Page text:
By Dr. Michael Gray
Recovering from strenuous exercise can be an elusive task. Here are some recommendations that will help our muscles recover from heavy exercise situations.
Self-Myofascial Release – a.k.a. “Rolling”
You can massage away tight muscles and shorten recovery time by using a technique called “self-myofascial release” (a.k.a. “rolling”). Using your own body weight, you will learn how to leverage yourself to target sore areas while rolling on a PVC pipe or foam roller. You can do these exercises at home in just 5-10 minutes a day. Rolling out different areas of your body will get rid of (and prevent) any nagging injuries and help you get back to your workouts faster.
How Rolling Helps Your Muscles Recover Faster
Most people think that muscle soreness is caused by lactic acid build up…but that’s not totally true. The truth is muscle soreness is caused by muscle fiber damage. This is a normal process that occurs when you workout and build muscle. In the course of building lean muscle, your muscle fiber goes through a repeated process of breakdown and repair.
When muscle fiber breaks down, it stimulates a cascade of physiological processes to repair the muscle fibers. The faster your muscles can repair themselves, the quicker you’ll recover and the faster you’ll get rid of your soreness. One key factor in accelerating the repair process is blood flow. Increased blood flow pumps all the tools needed to quickly repair your muscle damage. So, more blood flow means quicker repair and faster recovery, which is why these muscle rolling technique are so effective. Each exercise helps pump more blood into the targeted area, accelerating recovery time and minimizing soreness.
When To Roll Out Your Muscles
The best time to roll out your muscles is just prior to your warm-up and immediately after your workout. Rolling before your warm-up helps prime your muscles for optimum performance. After your workout, your muscles are “torn up” and rolling them out will help accelerate the repairing process.
Static Stretching for Faster Recovery
Static stretching is also great for muscle recovery, especially when combined with rolling. All passive stretches should be performed after a workout session, preferably after rolling out your muscles. You can look at stretching as “re-lengthening” your muscle fibers back to their normal size. After a workout session, your muscle fibers are damaged and shortened in length, so you want to lengthen them back out to their normal length. Properly lengthened muscle also promotes increased blood flow, improving the overall health of your muscles and maximizing muscle recovery.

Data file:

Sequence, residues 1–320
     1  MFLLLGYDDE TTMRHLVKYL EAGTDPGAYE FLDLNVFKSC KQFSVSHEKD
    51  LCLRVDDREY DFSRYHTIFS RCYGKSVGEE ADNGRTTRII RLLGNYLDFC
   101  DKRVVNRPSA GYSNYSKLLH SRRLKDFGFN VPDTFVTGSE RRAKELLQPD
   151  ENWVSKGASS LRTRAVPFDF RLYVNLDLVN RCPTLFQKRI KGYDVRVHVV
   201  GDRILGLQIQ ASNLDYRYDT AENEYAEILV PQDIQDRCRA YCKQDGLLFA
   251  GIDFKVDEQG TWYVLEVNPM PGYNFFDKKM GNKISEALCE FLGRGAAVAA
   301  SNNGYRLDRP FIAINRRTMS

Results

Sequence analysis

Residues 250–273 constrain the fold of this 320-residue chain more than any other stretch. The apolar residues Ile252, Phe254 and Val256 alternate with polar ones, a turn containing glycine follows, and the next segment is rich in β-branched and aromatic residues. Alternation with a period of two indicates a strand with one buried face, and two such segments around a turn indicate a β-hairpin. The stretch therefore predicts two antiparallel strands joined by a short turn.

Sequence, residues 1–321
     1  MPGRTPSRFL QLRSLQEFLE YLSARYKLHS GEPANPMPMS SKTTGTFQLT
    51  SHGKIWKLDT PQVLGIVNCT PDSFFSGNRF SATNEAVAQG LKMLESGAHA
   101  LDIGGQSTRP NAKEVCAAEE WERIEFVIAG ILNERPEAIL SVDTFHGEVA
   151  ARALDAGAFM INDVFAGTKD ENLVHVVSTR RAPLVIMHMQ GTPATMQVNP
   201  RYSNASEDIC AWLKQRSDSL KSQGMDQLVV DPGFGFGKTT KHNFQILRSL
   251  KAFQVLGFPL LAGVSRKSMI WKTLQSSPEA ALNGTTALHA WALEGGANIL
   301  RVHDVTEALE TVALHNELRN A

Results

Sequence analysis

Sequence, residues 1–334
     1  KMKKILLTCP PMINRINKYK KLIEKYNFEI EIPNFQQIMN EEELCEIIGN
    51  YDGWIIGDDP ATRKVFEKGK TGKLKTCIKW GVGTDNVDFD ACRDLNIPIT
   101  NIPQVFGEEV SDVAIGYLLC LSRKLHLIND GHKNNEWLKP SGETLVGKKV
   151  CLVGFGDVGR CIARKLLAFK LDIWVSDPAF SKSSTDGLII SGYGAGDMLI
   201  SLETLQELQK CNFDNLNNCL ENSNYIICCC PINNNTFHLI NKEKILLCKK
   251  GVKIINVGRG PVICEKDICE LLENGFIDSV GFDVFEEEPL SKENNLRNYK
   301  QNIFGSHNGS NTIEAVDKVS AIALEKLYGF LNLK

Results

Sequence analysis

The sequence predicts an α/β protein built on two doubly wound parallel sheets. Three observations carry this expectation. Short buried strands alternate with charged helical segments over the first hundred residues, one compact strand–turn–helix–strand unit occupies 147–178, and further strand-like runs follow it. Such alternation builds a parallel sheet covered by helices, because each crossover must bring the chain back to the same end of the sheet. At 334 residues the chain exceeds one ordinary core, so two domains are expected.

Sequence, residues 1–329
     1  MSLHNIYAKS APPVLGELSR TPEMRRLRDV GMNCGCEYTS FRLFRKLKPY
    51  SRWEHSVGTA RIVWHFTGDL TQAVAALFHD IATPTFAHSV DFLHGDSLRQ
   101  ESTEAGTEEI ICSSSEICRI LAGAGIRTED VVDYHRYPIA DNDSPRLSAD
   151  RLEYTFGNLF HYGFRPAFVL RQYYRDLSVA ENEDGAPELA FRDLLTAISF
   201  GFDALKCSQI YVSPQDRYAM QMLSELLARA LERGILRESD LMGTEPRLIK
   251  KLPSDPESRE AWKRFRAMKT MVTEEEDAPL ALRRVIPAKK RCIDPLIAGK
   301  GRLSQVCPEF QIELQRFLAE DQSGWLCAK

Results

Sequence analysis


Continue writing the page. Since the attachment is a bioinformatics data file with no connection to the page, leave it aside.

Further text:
Don’t Stretch Before You Workout!
Stretching before a workout as part of your warm-up is another common mistake that even the pros make! Static stretching actually hinders your muscular performance. It diminishes your ability to recruit all of the muscle fibers, thereby decreasing your strength and speed, which is definitely not what you want before a workout or an event. Stick to stretching only after a workout or a competition.
Reduce Lower Back Pain with Simple Stretches
Lower back pain is a very broad topic that warrants its own book. However, in many cases lower back pain is caused by bad posture and muscular imbalance. The muscles that cause the majority of problems are your hip flexors. It’s actually not your lower back muscles at all! Your hip flexors are located deep within your core and originate along the sides of your lower back vertebral joints (spine), span across your body, and attach onto the upper portions of your leg bone (just past your hip joints). As the name suggests, your hip flexor muscles flex your hip joints.
Anytime you bring your knees up towards your chest or bend your torso over from your hips, you’re activating your hip flexor muscles. This is where the problem starts…your body is in positions that activate your hip flexors much more often than positions that stimulate the opposing muscle groups. This causes a muscle imbalance and results in excessive compressive pressure on your vertebral joints, eventually leading to joint irritation and pain. Since your hip flexors are constantly active, these muscles eventually tighten up and shorten in length. This further adds to the imbalance and puts more consistent pressure on your lower back. The solution? Take the pressure off your lower back joints by “deactivating” and lengthening your hip flexor muscles back to their normal length by stretching your hip flexors and quads. If you have any lower back pain, perform these stretches as often as possible, except for the time just prior to your workout.
Foam Roller Vs. PVC Roller
Most foam rollers, if used daily as recommended, will last approximately 2-4 months. Beyond that timeframe, the foam roller will likely lose its smooth round shape and stiffness. This will compromise the effectiveness of the roller. Most foam rollers are sold for $20 to $25 dollars each. However, instead of having to buy a new foam roller every few months, I recommend that you buy a PVC pipe from your local hardware store. They’re sold for around $4 and you’ll never have to buy another roller again. You can also have it cut to your desired length. I recommend 1.5 to 2 feet in length and 4.5 inches in diameter. Now go exercise and stretch and roll your muscles away after each exercise and enjoy healthy pain free muscles.